4.1.7. Indirect Pulp Treatment Clinical Studies

Application of Portland cement, MTA and calcium hydroxide for indirect pulp treatment showed a 90.3% success rate regardless of the used material. In 6-month follow-up, both Portland cement and MTA were found effective in limiting the infection and treatment of deep carious lesions [35].

4.1.8. Portland Cement as an Intracanal Medicament In-vitro Studies

The intracanal application of calcium silicate-based cement (white Portland cement, white ProRoot MTA and Biodentine) with chlorhexidine as a vehicle showed higher calcium ion release compared to calcium hydroxide during the 14 days period. The addition of 2% chlorhexidine extended the setting time up to 84 days and consequently facilitated the removal of medicament [36].

4.1.9. Treatment of Hypersensitivity

Treatment of dentin hypersensitivity using a calcium silicate paste based on Portland cement occluded dentinal tubules by the formation of a fine crystalline layer and demonstrated the ability of this material to reduce dentin permeability. SEM/EDX analyses revealed the precipitate deposits and formation of a calcium-reach layer on the dentin surface, suggesting the clinical use of Portland cement as a desensitizing agent [37].

4.1.10. Portland Cement in Bone Tissue Engineering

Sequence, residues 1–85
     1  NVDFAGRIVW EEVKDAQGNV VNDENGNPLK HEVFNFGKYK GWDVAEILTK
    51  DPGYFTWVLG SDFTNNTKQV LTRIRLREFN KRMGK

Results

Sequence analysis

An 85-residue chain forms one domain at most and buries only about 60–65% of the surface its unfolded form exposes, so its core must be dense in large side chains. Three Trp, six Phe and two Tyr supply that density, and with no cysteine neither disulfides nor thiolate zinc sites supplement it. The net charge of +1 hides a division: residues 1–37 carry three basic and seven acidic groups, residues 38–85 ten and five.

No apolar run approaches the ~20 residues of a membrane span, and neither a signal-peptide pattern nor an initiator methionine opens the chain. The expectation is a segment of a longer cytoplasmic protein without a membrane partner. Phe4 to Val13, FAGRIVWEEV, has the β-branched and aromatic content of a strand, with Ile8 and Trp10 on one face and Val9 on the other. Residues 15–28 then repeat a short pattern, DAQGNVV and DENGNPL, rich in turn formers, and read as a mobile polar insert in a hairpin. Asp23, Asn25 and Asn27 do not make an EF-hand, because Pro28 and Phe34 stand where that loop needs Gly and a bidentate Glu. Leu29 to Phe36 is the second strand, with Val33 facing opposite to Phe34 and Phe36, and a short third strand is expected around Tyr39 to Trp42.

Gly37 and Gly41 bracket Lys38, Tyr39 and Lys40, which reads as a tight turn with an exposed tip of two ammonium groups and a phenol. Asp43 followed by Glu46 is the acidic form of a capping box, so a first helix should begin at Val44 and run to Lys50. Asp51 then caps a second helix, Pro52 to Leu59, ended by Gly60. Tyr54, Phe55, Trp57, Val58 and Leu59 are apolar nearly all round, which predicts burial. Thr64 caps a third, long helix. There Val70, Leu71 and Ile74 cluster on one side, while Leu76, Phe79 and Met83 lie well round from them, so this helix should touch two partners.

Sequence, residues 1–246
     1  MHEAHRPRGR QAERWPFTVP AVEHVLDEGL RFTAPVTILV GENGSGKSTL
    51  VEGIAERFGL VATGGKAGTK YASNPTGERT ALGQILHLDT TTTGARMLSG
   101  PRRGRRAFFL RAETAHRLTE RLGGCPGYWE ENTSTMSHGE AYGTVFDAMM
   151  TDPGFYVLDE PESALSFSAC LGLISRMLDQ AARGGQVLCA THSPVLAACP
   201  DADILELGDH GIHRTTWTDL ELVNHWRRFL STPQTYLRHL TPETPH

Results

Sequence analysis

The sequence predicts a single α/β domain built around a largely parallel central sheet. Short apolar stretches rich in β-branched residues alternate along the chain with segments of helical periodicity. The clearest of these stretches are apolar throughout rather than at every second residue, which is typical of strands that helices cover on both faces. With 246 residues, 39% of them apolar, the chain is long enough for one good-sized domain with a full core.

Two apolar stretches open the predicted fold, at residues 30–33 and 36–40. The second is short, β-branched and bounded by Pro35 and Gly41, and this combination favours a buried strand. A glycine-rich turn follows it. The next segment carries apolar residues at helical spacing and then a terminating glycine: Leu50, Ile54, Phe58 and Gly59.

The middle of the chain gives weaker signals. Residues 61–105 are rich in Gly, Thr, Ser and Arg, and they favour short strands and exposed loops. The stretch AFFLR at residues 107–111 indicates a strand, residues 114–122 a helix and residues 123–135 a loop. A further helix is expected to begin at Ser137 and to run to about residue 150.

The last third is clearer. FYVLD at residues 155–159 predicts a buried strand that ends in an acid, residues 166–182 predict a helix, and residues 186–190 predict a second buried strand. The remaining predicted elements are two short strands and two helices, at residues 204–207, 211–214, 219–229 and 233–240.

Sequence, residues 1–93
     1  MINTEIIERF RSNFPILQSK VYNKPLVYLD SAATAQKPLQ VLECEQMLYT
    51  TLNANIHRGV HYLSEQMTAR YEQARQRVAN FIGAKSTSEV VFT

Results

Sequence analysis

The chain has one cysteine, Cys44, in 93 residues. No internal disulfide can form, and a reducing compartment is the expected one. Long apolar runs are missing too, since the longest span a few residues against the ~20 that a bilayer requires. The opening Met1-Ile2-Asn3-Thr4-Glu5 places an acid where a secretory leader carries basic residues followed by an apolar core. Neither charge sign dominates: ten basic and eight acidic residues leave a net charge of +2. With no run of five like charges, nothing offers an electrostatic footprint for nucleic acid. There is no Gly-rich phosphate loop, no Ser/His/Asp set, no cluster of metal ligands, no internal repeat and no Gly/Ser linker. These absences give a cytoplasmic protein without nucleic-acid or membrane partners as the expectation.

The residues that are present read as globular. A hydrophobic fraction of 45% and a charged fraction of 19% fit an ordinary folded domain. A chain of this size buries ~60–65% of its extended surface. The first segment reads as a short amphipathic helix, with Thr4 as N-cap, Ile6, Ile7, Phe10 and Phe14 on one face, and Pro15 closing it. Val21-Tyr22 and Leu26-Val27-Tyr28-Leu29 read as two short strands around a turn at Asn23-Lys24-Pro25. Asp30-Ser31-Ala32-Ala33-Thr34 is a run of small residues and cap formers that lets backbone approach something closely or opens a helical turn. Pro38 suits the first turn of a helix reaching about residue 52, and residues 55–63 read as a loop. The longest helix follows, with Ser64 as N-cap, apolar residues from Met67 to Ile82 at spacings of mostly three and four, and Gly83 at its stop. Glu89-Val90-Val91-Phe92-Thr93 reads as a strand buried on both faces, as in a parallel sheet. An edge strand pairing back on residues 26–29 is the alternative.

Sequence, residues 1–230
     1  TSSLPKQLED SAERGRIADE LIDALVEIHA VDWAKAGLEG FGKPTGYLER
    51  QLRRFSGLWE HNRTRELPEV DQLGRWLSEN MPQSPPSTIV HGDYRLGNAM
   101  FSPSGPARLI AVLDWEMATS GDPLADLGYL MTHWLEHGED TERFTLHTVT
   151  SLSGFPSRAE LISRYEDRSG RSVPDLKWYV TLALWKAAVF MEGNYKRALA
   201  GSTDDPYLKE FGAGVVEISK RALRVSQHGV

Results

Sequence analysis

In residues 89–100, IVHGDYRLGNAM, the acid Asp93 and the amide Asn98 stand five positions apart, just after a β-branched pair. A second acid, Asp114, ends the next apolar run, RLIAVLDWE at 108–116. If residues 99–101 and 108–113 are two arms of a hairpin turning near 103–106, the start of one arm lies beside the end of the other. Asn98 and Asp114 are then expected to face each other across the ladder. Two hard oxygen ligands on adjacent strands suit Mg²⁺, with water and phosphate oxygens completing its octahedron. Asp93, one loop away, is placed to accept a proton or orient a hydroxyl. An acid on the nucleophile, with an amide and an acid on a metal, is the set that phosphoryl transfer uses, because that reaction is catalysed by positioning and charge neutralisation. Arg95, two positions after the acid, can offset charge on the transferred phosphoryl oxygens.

Calcium silicate-based materials are a potential candidate for bone tissue engineering due to their good physical properties, biocompatibility and acceptable bioactivity and osteoconductivity [38]. Portland cement stimulates the expression of bone remodeling markers and the growth of bone tissue with the formation of osteoid and new trabeculla [39, 40]. The behavior of osteoblast lineage cultured on Portland cement has been previously discussed. Three-dimensional porous Portland cement-based scaffolds with high mechanical strength compatible with that of normal bone have been proposed. These scaffolds support human osteoblast cell adhesion and proliferation [41, 42]. Portland cement scaffold modified with polydimethylsiloxane enhanced cell metabolism and alkaline phosphatase activity after 2 weeks [42].